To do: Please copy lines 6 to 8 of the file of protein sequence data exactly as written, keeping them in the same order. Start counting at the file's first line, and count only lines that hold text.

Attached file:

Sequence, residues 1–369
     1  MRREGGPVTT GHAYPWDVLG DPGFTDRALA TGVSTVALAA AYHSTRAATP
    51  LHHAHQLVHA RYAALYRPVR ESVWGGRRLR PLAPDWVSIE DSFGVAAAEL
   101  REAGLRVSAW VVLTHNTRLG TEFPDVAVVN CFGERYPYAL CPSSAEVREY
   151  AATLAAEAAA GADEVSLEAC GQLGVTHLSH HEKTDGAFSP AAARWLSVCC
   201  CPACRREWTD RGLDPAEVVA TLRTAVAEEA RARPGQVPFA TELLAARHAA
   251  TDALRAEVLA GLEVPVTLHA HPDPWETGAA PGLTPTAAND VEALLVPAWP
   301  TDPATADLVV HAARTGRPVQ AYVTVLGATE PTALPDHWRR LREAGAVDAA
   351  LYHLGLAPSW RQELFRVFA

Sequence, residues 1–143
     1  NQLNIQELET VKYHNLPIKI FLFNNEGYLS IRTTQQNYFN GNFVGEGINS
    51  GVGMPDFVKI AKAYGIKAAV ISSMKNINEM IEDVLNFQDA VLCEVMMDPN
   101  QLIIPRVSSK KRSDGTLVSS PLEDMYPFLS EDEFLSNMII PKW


   201  CPACRREWTD RGLDPAEVVA TLRTAVAEEA RARPGQVPFA TELLAARHAA
   251  TDALRAEVLA GLEVPVTLHA HPDPWETGAA PGLTPTAAND VEALLVPAWP
   301  TDPATADLVV HAARTGRPVQ AYVTVLGATE PTALPDHWRR LREAGAVDAA